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Properties of Hardened ConcreteFully cured, hardened concrete must be strong enough to withstand the structural and service loads which will be applied to it and must be durable enough to withstand the environmental exposure for which it is intended. When concrete is made with high-quality materials and is properly proportioned, mixed, handled, placed, and finished, it is one of the strongest and most durable of building materials. When we refer to concrete strength, we are generally talking about compressive strength which is measured in pounds per square inch (psi). Concrete is strong in compression but relatively weak in tension and bending. It takes a great deal of force to crush concrete, but very little force to pull it apart or cause bending cracks (Figure 1). Compressive strength is determined primarily by the amount of cement used but is also affected by the ratio of water to cement, as well as proper mixing, placing, and curing. Tensile strength usually ranges from 7 or 8% of compressive strength in high-strength mixes to 11 or 12% in low-strength mixes. Both tensile strength and flexural bending strength can be increased by adding steel or fiber reinforcement. Structural engineers establish required compressive strengths for various building elements based on an analysis of the loads which will be applied and the soil conditions at the project site. Actual compressive strength is verified by testing samples in a laboratory using standardized equipment and procedures. On commercial projects, numerous samples are tested throughout construction to verify that the concrete being put into place actually has the specified strength. Laboratory testing is not often required in residential work, except perhaps on large, high-end projects or on projects with difficult sites where special foundation designs make concrete strength critical. For most residential projects, required concrete strength will be in the range of 20 MPa to 30 MPa, depending on the intended use (Table below). A concrete that is stronger than necessary for its intended use is not economical, and one that is not strong enough can be dangerous. The primary factors affecting concrete compressive strength are the cement content, the ratio of water to cement, and the adequacy and extent of hydration and curing.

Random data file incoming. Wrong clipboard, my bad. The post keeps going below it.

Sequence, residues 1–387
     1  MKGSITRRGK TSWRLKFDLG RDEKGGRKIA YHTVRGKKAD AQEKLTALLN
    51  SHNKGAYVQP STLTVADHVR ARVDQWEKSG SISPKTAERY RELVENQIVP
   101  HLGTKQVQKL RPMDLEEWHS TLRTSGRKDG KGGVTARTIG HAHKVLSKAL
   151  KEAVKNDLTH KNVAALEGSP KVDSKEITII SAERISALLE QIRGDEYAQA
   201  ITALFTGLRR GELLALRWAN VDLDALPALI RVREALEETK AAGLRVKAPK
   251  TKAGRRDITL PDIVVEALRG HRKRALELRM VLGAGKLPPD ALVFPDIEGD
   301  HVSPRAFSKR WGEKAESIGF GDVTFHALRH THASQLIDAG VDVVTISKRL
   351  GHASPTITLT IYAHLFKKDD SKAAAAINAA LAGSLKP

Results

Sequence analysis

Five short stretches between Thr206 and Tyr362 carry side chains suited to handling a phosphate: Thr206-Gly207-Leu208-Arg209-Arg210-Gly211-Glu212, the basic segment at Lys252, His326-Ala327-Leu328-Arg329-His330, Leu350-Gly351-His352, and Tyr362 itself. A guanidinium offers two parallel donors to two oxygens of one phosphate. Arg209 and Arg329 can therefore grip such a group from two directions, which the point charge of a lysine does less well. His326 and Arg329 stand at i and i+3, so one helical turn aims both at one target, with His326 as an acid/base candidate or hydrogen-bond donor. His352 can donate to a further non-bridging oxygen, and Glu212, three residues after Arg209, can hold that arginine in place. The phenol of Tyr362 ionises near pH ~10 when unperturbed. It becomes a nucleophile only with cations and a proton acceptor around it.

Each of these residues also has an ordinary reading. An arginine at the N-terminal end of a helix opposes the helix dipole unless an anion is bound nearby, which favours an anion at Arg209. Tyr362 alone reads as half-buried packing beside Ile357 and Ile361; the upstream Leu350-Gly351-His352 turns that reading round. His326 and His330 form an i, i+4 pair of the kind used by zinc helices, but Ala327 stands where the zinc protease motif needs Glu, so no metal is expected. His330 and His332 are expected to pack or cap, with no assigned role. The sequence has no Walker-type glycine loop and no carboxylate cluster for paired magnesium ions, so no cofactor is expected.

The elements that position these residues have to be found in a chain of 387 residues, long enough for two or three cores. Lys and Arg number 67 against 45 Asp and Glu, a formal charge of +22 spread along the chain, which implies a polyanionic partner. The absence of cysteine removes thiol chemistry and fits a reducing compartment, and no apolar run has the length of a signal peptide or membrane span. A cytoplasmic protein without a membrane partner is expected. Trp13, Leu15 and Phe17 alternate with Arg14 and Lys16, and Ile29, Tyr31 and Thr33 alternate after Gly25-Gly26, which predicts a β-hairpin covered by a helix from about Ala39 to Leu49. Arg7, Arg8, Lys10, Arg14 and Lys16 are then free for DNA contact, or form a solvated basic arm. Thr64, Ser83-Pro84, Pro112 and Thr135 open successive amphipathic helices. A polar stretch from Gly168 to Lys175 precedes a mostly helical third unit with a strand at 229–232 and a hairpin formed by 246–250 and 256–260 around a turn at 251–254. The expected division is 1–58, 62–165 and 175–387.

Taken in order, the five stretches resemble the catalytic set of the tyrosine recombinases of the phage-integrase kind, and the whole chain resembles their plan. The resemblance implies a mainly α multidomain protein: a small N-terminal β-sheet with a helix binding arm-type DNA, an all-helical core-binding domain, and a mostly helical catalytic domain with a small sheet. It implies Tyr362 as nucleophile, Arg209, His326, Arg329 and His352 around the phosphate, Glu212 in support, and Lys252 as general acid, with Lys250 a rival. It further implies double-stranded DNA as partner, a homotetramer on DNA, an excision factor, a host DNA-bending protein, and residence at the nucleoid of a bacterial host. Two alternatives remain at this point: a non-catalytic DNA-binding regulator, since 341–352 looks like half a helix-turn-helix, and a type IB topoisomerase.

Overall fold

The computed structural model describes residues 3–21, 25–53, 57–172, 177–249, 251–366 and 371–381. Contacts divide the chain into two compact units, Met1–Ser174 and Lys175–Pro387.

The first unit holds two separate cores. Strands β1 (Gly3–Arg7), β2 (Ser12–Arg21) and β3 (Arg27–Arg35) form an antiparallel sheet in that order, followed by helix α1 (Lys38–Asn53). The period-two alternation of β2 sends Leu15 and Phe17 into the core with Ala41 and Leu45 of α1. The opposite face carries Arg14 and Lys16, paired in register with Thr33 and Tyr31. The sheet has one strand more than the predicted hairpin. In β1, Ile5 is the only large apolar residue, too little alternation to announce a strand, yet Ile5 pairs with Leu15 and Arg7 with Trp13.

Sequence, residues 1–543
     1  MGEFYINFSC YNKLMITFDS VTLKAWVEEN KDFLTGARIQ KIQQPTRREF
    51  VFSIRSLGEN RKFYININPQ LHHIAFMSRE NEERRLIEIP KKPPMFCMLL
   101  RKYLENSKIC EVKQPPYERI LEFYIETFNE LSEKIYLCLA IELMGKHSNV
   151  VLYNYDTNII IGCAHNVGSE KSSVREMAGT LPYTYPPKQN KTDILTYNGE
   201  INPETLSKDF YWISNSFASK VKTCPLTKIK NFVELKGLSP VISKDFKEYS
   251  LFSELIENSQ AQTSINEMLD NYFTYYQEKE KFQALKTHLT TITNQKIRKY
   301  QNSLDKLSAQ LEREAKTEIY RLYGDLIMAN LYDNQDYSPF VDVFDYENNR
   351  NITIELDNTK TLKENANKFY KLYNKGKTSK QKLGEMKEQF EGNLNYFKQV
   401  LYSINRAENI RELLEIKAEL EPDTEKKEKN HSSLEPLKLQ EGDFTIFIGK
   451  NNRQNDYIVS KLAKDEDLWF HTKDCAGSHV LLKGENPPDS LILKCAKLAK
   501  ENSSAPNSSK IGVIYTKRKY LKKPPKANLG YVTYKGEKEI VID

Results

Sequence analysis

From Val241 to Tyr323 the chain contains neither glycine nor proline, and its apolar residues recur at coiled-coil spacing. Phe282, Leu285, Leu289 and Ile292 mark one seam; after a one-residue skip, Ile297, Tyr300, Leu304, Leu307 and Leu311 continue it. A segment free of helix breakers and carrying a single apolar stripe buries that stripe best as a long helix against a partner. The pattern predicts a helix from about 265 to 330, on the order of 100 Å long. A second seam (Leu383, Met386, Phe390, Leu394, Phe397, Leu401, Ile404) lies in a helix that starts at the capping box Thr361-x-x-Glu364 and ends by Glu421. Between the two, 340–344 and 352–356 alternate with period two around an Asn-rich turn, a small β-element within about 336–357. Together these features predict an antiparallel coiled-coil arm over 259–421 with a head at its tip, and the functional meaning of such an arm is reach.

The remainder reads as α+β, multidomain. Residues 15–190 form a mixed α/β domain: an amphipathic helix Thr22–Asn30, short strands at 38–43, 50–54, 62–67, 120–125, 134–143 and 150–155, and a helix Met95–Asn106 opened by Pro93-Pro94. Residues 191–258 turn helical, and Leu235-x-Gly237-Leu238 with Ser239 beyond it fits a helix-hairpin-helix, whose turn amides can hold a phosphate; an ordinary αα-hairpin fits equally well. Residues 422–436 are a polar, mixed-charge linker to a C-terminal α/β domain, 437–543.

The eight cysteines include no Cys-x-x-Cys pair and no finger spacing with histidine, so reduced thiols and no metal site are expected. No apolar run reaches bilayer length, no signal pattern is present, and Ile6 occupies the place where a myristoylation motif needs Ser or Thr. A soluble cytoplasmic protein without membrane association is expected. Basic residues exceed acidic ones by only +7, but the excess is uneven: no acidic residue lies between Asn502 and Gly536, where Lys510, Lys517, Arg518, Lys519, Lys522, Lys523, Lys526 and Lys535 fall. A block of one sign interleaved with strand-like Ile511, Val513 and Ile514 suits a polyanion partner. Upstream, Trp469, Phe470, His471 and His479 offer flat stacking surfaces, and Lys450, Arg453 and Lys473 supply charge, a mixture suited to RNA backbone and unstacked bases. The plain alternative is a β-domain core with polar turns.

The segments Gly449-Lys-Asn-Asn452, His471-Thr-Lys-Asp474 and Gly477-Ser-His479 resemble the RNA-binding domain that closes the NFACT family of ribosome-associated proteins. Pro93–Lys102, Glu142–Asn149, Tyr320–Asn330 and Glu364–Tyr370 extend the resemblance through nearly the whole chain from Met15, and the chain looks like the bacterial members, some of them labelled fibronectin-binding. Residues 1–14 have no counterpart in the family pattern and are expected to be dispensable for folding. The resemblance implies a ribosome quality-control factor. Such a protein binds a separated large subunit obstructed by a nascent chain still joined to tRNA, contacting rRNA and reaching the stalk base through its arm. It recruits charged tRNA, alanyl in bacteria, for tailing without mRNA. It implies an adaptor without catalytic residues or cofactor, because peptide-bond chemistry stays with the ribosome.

|Construction element||Compressive strength Mpa|
|Basement and foundation walls slabs||20 t0 25|
|Driveways, garage slab||20 t0 25|
|Reinforced concrete beams, slabs, patios, sidewalks and steps||20 to 25|